Suede belts, in contrast, tend to break in faster due to the material’s more supple nature. They also usually come in more customization options, especially regarding color and clasp style. You will usually need to pay more per belt, though. And in the long run, suede powerlifting belts don’t differ much from leather belts from a functionality standpoint.
Some people might find that the clasp holes of their leather belts get slightly stretched out over time compared to suede, but this is a relatively minor problem, and you can always move to the next hole.
Regardless of which powerlifting belt you choose, make sure you treat it right so that it lasts for the long run. Wipe down the material after every workout to remove any lingering sweat, and consider occasional treatments with a leather cleaner to keep it from getting stiff.
With the right care, your weightlifting belt will benefit your powerlifting sessions for years to come.
What Kinds of Belts Are BEST for Squats?
Because Squats don’t require any bending over, and you’re generally more upright — 13-mm belts will work for just about everyone.
For some people with shorter torsos, the thicker belts will restrict their range of motion on the deadlift. This is rarely the case with Squats.
And although the extra 3 millimeters might seem a bit trivial to some, I’ve found that they actually do add a little extra support. Even if purely mental.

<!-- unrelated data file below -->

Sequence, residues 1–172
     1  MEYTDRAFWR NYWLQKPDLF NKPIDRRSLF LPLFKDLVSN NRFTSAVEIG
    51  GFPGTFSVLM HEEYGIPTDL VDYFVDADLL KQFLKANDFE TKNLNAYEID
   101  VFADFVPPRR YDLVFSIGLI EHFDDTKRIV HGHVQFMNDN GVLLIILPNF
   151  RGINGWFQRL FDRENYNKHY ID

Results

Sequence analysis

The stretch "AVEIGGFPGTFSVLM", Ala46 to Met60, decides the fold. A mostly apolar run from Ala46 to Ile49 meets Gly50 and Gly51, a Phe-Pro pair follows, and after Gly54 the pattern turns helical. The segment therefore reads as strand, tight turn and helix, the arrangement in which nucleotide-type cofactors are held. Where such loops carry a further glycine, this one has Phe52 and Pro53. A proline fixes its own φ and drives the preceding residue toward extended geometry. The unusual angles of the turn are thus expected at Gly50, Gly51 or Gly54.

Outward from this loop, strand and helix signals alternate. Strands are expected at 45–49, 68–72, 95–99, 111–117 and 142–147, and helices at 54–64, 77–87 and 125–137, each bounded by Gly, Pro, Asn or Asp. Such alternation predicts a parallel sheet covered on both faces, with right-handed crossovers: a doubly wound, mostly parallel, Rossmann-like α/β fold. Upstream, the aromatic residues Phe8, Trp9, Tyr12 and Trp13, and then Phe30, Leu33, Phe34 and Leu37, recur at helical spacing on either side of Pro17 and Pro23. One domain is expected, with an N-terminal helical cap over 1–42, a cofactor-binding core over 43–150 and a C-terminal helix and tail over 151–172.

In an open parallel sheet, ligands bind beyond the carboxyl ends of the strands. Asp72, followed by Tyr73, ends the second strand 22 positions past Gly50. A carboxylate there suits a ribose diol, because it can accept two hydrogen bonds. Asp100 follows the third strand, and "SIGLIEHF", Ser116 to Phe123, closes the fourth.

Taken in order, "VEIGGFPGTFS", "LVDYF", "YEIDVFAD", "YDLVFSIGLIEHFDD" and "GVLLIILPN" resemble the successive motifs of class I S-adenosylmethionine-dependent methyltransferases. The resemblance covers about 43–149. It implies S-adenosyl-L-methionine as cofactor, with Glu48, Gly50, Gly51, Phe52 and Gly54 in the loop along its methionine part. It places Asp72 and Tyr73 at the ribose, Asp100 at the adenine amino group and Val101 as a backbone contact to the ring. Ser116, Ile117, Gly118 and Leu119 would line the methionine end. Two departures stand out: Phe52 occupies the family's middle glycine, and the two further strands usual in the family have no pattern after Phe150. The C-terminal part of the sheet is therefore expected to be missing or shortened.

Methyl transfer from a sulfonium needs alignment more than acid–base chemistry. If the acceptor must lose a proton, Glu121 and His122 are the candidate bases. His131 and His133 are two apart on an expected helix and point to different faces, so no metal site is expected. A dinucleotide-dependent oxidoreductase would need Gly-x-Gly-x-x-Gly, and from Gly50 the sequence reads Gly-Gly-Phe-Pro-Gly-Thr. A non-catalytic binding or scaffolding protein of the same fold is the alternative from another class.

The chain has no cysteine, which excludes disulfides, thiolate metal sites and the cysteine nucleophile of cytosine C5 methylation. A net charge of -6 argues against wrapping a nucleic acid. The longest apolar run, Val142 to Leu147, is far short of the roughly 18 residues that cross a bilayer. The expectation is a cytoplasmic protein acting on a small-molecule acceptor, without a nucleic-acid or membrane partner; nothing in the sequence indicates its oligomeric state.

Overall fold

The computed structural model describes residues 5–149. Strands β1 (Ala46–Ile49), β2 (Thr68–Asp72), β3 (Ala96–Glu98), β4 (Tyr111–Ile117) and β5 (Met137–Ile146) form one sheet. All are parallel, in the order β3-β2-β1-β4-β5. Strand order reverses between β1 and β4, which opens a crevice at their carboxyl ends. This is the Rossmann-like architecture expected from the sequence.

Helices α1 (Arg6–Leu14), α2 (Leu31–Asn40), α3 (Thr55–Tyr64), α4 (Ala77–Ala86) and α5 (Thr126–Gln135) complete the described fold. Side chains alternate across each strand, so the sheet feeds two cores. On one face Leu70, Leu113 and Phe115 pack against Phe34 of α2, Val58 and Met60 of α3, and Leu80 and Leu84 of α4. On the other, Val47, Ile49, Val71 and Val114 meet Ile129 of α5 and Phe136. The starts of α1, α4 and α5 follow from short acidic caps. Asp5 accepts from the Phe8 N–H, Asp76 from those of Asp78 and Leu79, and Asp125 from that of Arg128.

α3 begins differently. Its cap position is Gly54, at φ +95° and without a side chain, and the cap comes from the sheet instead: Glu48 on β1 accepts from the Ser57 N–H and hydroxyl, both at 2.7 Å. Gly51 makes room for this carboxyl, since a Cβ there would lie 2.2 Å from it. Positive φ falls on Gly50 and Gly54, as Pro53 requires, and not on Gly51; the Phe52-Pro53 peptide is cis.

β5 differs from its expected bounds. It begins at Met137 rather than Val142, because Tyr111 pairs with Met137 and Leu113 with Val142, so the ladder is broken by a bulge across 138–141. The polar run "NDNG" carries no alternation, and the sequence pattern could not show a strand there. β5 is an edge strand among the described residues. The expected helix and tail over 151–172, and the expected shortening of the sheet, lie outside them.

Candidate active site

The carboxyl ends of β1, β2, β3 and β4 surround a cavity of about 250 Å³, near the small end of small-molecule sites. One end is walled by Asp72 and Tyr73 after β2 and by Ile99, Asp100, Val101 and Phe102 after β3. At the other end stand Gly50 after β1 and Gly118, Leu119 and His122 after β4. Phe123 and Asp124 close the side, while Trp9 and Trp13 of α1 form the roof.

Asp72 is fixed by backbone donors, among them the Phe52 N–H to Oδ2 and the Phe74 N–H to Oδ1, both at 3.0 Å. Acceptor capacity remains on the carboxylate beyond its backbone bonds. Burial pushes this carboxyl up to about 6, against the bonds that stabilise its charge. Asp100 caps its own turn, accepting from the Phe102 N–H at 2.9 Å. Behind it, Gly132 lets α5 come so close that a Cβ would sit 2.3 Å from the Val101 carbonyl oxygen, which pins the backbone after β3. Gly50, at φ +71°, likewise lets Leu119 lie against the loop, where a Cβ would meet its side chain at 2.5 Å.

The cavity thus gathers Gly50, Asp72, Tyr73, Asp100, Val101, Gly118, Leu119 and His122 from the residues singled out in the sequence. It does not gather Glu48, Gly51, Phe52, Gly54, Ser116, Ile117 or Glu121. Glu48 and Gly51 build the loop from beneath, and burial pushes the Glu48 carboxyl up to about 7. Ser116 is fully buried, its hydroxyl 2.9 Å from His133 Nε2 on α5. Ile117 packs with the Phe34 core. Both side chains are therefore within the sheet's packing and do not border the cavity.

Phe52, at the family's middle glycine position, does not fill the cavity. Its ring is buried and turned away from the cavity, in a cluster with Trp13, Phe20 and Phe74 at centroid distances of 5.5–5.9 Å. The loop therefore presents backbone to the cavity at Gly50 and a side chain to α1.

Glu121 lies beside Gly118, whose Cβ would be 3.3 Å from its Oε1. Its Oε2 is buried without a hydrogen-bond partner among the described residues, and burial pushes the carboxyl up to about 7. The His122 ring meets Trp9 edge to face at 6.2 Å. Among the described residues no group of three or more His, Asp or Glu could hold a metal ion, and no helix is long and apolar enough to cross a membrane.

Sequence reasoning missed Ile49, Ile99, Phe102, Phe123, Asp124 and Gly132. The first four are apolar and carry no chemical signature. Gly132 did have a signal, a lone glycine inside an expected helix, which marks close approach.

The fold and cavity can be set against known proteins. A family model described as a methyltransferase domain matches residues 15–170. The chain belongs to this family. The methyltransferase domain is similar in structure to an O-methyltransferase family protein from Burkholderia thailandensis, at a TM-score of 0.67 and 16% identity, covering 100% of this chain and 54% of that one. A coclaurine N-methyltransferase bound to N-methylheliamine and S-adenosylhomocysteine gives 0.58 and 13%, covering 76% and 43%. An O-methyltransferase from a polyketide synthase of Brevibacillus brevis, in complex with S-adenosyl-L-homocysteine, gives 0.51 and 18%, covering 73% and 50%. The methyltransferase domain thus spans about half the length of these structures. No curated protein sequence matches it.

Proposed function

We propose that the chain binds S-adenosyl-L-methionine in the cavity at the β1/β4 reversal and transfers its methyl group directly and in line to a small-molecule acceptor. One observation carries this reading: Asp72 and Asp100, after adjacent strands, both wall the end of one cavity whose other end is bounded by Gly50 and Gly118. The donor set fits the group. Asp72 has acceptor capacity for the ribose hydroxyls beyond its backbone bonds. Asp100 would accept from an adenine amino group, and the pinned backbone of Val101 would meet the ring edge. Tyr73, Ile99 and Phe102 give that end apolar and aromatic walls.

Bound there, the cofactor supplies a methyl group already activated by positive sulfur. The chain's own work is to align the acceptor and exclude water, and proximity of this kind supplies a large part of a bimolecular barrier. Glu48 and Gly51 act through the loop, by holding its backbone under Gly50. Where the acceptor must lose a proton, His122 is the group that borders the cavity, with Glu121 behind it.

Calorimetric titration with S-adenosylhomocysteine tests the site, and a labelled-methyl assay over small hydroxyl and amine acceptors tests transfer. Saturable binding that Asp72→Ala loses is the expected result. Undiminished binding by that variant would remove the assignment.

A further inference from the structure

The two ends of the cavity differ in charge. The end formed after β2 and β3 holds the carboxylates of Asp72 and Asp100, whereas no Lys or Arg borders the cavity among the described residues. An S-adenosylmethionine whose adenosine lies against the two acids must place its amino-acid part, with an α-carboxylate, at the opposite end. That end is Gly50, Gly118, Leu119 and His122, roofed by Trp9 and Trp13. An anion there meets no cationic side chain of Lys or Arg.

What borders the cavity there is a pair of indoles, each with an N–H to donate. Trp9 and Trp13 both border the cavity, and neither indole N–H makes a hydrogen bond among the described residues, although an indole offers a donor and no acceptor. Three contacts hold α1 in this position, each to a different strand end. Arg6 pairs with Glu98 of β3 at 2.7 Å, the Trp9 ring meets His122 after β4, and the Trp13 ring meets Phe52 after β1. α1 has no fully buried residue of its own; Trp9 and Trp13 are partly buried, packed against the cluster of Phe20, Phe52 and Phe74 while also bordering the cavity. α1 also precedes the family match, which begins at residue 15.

Other components of the belt will be more related to personal preference such as tightness, and whether you want a lever or prong belt.
Should I Get A Lever Belt Or A Prong Belt?
Prong belts and lever belts don’t offer much to the lifter in terms of weight on the bar.
Some might say that wearing an ultra tight prong belt might help them get more of the ‘squeeze’. I tend to be in that camp.
Some might find prong belts too fastidious when it comes to taking it off. I’ve also experienced this.
Really, it’s a matter of personal preference. Prong belts can be tightened and adjusted more easily than lever belts.
Lever belts are easier to take on and off. Some people even associate the flicker of the lever as a “finished off a great set” type of deal.
The same way b-ball players have signature “three-pt shot celebrations”.
Ultimately, it doesn’t make much difference in terms of weight lifted.
When Should You Get A Powerlifting Belt?
At any point you desire.
Belts do primarily one thing: they stiffen the back segment and prevent it from moving under heavy loads.
This stability combined with the increased abdominal pressure from the belt, and a properly executed valsalva will generally help lifters add an additional 5-10% to the bar.
And that’s what they’re mainly used for: to add more weight to the bar in pursuit of a bigger total.
They don’t prevent injury or negate the “core” muscles.
You won’t be any stronger if you train with or without a belt. Strength is generally a byproduct of hypertrophy (muscle mass) which is unrelated to training with or without a belt.
Get a belt if you plan on competing and want to go for max weights (or if that’s fun to you) — or don’t if it’s not in your plans to do so.